As voters, we don’t like changing our minds.
It takes only a fraction of a second for us to make a first impression. As much as we might like to believe that our votes are not influenced by something as irrational as a biased first impression, research has indicated quite the opposite: our first impression of how a candidate looks goes a long way toward determining whether or not we will vote for him/her.
Of course, first impressions aren’t everything. Over time, that first impression takes on weight; we add to it a variety of other perceptions and biases based on what we think a candidate is doing or saying, and based on the impressions of the people around us.
Eventually, we tend to create these narratives about political candidates, which may or may not have any connection to reality. George W. Bush, despite his Ivy League education and tremendous political acumen, became a down-to-earth (although perhaps not the brightest bulb) man of the people. Bill Clinton was a charismatic philanderer and an incredibly astute political operative, despite the fact that he never won more than 50 percent of the vote in a presidential election.
In the case of the current presidential election, the big narrative is Mitt Romney: the pro-business, favorite of the GOP insiders, moderate who has trouble relating to blue collar Americans. That narrative, based on a combination of first impressions, media coverage, and our mass perception of Romney as a man and a candidate, has become deeply ingrained.
And as voters, we don’t like changing our minds.
In particular, Romney spent tens of millions of dollars and gave dozens of stump speeches in Ohio trying to change voters’ opinions about three things in particular:
1) He was more of a fiscal conservative than Rick Santorum.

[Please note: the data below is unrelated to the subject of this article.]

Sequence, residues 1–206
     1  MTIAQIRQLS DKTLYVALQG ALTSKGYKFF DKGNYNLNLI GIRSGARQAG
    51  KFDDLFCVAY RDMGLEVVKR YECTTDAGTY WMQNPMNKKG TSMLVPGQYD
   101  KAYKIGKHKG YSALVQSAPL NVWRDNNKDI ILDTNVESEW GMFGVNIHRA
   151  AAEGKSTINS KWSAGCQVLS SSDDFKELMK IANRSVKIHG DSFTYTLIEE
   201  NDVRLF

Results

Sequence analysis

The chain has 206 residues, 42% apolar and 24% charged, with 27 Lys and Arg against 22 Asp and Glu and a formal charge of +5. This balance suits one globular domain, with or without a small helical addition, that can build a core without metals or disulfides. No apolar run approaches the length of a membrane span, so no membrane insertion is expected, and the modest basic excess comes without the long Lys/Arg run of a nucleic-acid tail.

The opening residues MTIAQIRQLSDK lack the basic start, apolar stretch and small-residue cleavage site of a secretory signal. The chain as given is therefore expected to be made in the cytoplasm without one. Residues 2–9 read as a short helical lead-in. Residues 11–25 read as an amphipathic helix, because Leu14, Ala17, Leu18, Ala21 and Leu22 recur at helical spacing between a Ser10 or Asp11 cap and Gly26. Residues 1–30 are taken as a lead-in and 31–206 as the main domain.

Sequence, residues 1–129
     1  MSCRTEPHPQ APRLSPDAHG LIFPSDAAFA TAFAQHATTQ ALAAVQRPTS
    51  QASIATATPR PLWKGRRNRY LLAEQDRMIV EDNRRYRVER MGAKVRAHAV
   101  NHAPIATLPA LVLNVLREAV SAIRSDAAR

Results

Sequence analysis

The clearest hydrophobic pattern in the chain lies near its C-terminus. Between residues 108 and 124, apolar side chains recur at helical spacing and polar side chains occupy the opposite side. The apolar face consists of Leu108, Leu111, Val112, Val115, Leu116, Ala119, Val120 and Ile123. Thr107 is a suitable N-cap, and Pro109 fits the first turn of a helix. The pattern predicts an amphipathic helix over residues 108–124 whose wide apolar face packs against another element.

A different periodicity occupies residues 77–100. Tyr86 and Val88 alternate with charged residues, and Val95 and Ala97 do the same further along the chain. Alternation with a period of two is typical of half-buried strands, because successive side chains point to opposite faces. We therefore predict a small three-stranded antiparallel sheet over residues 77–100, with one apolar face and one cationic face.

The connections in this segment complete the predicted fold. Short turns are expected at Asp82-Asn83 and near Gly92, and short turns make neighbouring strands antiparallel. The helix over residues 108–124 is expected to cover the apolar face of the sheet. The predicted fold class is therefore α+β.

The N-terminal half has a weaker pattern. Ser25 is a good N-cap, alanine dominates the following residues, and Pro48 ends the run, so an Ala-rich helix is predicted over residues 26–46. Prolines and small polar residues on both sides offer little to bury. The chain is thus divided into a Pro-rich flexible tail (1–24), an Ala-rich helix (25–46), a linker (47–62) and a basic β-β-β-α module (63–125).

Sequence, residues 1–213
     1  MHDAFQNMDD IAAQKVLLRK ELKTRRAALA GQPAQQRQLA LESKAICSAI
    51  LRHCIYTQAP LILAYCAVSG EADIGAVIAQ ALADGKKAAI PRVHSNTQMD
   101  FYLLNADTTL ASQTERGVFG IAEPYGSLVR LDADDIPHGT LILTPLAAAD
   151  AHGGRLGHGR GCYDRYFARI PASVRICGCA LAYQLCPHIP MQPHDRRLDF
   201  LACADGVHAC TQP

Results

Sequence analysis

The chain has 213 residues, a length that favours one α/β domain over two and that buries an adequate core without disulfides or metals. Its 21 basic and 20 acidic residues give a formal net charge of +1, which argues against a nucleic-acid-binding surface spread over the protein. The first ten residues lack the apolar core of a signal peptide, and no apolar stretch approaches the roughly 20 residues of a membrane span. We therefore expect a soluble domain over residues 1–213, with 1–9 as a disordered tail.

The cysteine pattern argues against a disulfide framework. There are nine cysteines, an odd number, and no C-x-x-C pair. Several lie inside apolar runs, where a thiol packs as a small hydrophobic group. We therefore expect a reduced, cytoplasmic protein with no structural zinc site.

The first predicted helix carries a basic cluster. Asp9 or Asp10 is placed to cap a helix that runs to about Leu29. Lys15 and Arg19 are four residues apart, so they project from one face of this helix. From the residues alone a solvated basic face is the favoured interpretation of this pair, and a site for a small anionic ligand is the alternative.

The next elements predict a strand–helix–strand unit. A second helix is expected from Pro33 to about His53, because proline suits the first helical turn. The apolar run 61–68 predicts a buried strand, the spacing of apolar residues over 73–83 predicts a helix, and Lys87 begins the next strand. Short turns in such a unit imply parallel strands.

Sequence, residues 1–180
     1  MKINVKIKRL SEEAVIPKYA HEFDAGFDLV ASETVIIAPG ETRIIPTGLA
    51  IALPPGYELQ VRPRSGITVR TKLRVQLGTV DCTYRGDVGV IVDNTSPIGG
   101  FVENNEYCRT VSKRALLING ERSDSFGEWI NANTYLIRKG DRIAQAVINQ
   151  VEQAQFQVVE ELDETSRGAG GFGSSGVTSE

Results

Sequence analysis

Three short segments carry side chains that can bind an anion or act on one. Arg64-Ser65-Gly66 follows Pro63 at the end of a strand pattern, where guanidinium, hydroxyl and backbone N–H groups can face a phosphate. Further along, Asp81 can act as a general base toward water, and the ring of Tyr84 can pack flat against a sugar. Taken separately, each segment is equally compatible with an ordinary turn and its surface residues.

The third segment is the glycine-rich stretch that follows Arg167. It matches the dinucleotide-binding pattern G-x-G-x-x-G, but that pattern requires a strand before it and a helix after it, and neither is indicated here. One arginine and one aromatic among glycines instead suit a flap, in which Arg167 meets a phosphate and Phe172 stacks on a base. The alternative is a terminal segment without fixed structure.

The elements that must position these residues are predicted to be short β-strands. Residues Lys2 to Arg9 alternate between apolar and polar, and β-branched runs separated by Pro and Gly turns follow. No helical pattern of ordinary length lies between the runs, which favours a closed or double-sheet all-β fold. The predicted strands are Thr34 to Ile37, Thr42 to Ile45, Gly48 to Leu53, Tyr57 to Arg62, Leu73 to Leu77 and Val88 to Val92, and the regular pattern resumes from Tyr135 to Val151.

2) He was just as conservative as Santorum on the basic issues important to evangelicals, particularly opposition to abortion and support for Israel.
3) He was capable of understanding and relating to the concerns of average, blue-collar Ohioans.
So how well did that work? Did the massive ad campaign change how Ohioans perceived him? Well, let’s look at the exit polls from the Ohio primary.
Who won poor and middle class voters? Santorum.
Who won self-identified “conservative” voters? Santorum.
Who won evangelicals? Santorum.
Who won voters who care most about abortion? Santorum.
All of Romney’s money and all of his time and energy campaigning was not enough to change the underlying perception of Romney as the pro-business, moderate option who’s a bit out of touch with evangelicals and working class Americans.
Of course, advertising is useful. It can do a lot to help a candidate: by creating a first impression among people who aren’t very familiar with the candidate, by improving name recognition, by reinforcing negative impressions about a candidate’s opponent, or, alternatively, by reinforcing positive impressions about a candidate’s own image. But fundamentally changing voters’ minds is almost impossible, no matter how much time or money you throw at the problem.